With HTTP/2, you can load resources as soon as they’re ready. There’s an internal prioritization, which is pretty cool, but that also means your website could be slower with HTTP/2 because front-end optimizations are no longer relevant.
Bear that in mind, as it could explain why you don’t get the expected gains or lose speed with HTTP/2.
Permalink to heading Server push, the killer feature? Server push, the killer feature?
One cannot write about HTTP/2 without mentioning server push.
It’s probably the best feature for the front-end. Before HTTP/2, you need to wait for the server to send a request for the HTML.
It’s only after this step that the browser can request and receive styles.
With push server, HTML and styles come on the initial request as soon as they are ready. It leads to faster rendering.
I think it’s a terrific enhancement, but best practices such as concatening or bundling might not be relevant with HTTP/2.
Permalink to heading A new incoming version A new incoming version
HTTP/2 has now a fantastic support.
In contrast, support for HTTP/3 is barely existent. New versions for such protocols take some time.
Permalink to heading Make sense of big words: TCP/IP, UDP Make sense of big words: TCP/IP, UDP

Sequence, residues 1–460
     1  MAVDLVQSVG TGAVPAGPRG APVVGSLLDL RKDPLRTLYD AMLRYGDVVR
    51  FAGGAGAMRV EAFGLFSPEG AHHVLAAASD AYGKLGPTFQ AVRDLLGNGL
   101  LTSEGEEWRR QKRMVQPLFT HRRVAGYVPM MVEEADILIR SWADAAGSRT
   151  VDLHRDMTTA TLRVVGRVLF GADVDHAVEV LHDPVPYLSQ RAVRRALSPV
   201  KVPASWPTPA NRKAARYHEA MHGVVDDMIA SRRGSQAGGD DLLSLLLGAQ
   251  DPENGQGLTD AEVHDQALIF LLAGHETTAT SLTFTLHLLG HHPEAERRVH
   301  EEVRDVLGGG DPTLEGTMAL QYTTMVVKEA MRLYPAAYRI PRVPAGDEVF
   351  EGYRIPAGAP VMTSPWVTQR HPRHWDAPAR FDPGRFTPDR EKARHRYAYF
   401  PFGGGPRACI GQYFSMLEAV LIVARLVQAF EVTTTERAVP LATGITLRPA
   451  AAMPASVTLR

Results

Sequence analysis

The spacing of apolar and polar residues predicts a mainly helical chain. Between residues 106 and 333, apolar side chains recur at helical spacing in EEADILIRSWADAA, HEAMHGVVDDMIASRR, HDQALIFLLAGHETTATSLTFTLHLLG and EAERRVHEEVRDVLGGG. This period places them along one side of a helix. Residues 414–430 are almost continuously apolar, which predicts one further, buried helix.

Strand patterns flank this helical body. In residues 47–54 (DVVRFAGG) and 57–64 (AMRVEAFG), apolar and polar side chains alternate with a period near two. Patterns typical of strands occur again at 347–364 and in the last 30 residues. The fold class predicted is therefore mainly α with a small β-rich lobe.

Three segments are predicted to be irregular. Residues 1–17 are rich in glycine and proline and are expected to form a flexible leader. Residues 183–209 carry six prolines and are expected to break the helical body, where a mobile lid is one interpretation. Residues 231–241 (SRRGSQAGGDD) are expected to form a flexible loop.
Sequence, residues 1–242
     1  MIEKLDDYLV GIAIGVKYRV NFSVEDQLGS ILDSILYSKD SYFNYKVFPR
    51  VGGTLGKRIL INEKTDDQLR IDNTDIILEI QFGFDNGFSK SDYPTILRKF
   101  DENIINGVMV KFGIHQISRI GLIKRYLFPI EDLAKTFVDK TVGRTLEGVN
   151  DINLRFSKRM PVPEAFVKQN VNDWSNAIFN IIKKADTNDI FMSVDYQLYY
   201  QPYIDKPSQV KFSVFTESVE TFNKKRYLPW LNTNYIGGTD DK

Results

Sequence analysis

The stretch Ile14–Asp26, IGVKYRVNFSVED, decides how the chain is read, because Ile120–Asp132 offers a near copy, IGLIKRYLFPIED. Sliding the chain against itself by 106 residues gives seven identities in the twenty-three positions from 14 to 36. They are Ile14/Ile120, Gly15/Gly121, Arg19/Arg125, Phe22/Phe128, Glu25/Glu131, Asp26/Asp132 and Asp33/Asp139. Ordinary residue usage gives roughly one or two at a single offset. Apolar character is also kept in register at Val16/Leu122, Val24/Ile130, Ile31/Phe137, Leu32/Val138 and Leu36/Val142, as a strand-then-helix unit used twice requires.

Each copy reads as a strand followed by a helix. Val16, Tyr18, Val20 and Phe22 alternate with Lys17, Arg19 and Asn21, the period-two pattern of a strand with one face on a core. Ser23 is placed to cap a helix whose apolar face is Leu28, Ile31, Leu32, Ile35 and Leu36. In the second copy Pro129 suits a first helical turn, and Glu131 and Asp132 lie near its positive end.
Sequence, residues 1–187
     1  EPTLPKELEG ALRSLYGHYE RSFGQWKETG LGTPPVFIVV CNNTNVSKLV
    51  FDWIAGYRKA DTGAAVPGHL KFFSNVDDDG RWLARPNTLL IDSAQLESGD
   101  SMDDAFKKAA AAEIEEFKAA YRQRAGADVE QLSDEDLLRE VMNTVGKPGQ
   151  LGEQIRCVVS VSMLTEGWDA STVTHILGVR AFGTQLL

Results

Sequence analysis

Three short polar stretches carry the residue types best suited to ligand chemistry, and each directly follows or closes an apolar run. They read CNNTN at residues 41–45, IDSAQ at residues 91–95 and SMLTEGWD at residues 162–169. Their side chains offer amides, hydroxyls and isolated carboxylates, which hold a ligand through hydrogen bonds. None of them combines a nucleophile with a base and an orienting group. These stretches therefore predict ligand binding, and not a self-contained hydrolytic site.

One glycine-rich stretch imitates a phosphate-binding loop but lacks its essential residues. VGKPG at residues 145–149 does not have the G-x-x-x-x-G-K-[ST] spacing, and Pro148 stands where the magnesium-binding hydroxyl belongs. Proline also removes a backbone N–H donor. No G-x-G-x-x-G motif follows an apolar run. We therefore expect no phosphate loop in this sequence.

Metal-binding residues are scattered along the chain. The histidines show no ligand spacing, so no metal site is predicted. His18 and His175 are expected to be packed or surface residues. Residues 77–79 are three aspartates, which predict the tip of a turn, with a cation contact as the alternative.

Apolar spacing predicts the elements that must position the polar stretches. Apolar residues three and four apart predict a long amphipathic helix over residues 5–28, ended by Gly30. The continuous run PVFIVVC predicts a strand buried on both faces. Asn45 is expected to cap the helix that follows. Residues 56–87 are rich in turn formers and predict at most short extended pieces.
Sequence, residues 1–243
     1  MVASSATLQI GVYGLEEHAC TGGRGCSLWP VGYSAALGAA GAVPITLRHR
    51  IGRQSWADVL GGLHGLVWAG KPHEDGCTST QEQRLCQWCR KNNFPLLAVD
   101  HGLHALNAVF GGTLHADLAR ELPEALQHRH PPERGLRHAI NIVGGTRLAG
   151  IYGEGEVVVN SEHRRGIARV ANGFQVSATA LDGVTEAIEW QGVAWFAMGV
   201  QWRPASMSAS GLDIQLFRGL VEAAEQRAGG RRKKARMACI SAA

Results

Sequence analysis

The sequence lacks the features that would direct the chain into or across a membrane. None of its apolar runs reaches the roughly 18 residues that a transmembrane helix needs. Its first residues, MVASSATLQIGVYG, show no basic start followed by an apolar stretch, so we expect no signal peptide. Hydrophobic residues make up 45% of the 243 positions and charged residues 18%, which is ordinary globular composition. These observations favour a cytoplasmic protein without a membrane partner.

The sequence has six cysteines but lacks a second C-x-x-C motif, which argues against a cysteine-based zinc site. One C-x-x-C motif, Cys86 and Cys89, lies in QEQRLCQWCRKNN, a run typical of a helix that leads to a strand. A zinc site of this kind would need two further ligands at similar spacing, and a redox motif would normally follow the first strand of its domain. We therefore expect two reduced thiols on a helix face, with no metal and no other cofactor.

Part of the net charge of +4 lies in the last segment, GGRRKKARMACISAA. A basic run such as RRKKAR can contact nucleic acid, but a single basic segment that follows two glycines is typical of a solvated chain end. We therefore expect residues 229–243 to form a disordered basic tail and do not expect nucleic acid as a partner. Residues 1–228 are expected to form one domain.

TCP/IP is not the only way to transmit data. Another widely used protocol you may already know is UDP.
It would be too long to describe in detail those protocols, but TCP/IP basically allows for transmitting data between computers. UDP does the same but not the same way.
TCP/IP is said to be more reliable, while UDP should be faster. Both deliver packets, but TCP runs back and forth between computers to ensure delivery is ok. Besides, it sends packets in chronological order.
It’s robust, but it’s limited in speed and it sometimes leads to bottlenecks.
UDP does not run the same tests for delivery. It does not run back and forth. That’s why it’s faster.
Permalink to heading HTTP-over-QUIC and HTTP/3 HTTP-over-QUIC and HTTP/3